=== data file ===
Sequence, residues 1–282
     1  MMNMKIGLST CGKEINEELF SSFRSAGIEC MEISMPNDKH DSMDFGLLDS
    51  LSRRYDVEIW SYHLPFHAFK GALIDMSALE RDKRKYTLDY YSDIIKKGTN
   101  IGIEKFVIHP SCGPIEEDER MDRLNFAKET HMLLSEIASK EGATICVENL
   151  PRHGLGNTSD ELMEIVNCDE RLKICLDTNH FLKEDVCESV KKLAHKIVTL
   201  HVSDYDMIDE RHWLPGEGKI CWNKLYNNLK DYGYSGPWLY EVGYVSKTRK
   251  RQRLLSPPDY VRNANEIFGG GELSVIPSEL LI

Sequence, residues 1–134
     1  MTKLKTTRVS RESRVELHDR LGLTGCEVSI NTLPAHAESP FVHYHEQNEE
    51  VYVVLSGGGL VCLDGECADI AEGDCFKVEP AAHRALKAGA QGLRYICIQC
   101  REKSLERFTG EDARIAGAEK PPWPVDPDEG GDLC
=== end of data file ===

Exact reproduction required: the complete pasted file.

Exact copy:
Sequence, residues 1–282
     1  MMNMKIGLST CGKEINEELF SSFRSAGIEC MEISMPNDKH DSMDFGLLDS
    51  LSRRYDVEIW SYHLPFHAFK GALIDMSALE RDKRKYTLDY YSDIIKKGTN
   101  IGIEKFVIHP SCGPIEEDER MDRLNFAKET HMLLSEIASK EGATICVENL
   151  PRHGLGNTSD ELMEIVNCDE RLKICLDTNH FLKEDVCESV KKLAHKIVTL
   201  HVSDYDMIDE RHWLPGEGKI CWNKLYNNLK DYGYSGPWLY EVGYVSKTRK
   251  RQRLLSPPDY VRNANEIFGG GELSVIPSEL LI

Sequence, residues 1–134
     1  MTKLKTTRVS RESRVELHDR LGLTGCEVSI NTLPAHAESP FVHYHEQNEE
    51  VYVVLSGGGL VCLDGECADI AEGDCFKVEP AAHRALKAGA QGLRYICIQC
   101  REKSLERFTG EDARIAGAEK PPWPVDPDEG GDLC